(a) Infection prevention and control program. The facility must establish an infection prevention and control program (IPCP) that must include, at a minimum, the following elements:
(1) A system for preventing, identifying, reporting, investigating, and controlling infections and communicable diseases for all residents, staff, volunteers, visitors, and other individuals providing services under a contractual arrangement based upon the facility assessment conducted according to § 483.70(e) and following accepted national standards;
(2) Written standards, policies, and procedures for the program, which must include Standard and transmission-based precautions to be followed to prevent spread of infections.
Failing to Undertake Timely Sepsis Interventions. Nearly 80% of sepsis deaths could be prevented with rapid diagnosis and treatment. Nursing homes may be held liable if staff disregards the obvious signs of sepsis or negligently delays treatment.
Sepsis in nursing home residents
In our experience, sepsis in nursing home residents most often occurs from urinary tract infections, pneumonia, and pressure ulcers. In fact, a recent CDC evaluation found more than 90% of adults who developed sepsis through these conditions.
Health factors that place nursing home residents at risk of sepsis include:
- Co-morbid illnesses (i.e., diabetes, end stage renal disease, etc)
- Exposure to instrumentation and procedures
- Inability to obtain and retain nutrients
- Diminished heart strength
- Age-related decrease in organ function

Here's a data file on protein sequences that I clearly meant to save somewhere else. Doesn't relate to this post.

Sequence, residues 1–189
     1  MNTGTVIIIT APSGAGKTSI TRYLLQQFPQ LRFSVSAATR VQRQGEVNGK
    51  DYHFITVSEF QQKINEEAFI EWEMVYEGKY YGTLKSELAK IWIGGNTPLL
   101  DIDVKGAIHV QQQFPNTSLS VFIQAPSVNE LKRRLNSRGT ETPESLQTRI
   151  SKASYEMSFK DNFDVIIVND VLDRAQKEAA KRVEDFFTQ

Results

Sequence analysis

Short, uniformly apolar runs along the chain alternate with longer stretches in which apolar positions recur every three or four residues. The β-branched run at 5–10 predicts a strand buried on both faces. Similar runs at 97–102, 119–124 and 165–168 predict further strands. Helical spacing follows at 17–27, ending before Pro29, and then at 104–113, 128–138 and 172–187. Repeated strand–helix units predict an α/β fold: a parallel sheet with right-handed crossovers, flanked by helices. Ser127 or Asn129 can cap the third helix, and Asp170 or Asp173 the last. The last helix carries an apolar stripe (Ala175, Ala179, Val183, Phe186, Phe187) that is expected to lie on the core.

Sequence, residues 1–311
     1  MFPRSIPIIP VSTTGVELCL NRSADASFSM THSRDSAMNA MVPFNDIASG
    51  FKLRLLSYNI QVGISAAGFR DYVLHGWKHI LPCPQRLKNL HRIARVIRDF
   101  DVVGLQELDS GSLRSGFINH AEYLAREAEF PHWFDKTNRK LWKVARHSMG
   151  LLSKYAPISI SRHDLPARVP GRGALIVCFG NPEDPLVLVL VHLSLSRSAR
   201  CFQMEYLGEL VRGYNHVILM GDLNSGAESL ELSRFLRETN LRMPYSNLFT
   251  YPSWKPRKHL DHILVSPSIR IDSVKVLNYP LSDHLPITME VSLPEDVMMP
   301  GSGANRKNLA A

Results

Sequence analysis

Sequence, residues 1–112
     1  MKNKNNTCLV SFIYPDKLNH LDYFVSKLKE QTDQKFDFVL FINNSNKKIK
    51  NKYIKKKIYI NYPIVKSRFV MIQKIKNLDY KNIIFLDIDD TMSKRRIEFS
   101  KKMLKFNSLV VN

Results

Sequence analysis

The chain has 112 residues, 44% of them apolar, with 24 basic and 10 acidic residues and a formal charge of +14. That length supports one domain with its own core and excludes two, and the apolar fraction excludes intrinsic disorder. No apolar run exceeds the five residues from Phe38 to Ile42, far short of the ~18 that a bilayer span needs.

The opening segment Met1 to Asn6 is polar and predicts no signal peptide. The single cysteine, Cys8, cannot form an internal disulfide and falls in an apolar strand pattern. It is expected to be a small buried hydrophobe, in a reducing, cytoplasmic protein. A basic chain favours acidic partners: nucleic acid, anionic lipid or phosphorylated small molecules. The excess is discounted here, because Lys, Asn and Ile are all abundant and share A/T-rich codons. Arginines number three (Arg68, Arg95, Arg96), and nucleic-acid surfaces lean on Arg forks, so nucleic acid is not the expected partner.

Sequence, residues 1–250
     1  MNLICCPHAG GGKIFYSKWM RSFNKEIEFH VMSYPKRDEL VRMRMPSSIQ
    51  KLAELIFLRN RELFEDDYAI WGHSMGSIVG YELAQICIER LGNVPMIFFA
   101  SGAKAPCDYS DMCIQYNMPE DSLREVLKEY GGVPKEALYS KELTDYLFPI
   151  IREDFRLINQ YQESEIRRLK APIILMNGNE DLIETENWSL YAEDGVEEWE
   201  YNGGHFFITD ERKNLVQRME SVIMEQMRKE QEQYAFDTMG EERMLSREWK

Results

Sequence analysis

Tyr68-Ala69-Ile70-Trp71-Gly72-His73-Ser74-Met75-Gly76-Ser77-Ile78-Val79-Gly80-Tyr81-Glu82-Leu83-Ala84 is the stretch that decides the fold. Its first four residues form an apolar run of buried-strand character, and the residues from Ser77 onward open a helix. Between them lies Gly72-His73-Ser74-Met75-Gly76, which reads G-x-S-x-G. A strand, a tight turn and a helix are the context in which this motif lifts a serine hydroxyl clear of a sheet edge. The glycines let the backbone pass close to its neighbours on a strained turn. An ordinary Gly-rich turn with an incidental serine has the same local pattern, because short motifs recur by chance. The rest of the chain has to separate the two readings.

Nursing home sepsis lawsuits
If your loved one was severely injured or passed away from sepsis in a Georgia nursing home, feel free to reach out to one of our lawyers for a free case evaluation. Here are some lawsuit facts when suing a nursing home:
- Who brings the lawsuit? The resident brings the claim on his or her behalf if alive and competent. Otherwise, the claim may be brought by the individual who has General Power of Attorney or Guardianship. If the resident has passed away due to sepsis, there will likely be two claims, the Estate claim and the Wrongful Death claim. Those claims are brought by the Representative of the Estate and the responsible family member, respectively.
- How long to file the lawsuit? The Statute of Limitations for nursing home neglect in Georgia is typically two years. Sometimes, those time periods may be shortened or lengthened.
- How long does a lawsuit take? Lawsuits in Georgia can take as long as three or four years to go to verdict. Sometimes, resolution can come quicker through mediation or arbitration.
- What type of recovery is available? Typically, juries are allowed to compensate the resident and resident’s family for pain and suffering, medical bills, funeral costs, and loss of life.
- Where is the lawsuit filed? Typically, the lawsuit is filed in the country where the nursing home operates. However, there are often many, many venues in which the lawsuit may be brought. Depending on the facts of the case, venue may be somewhere other than the nursing home’s location.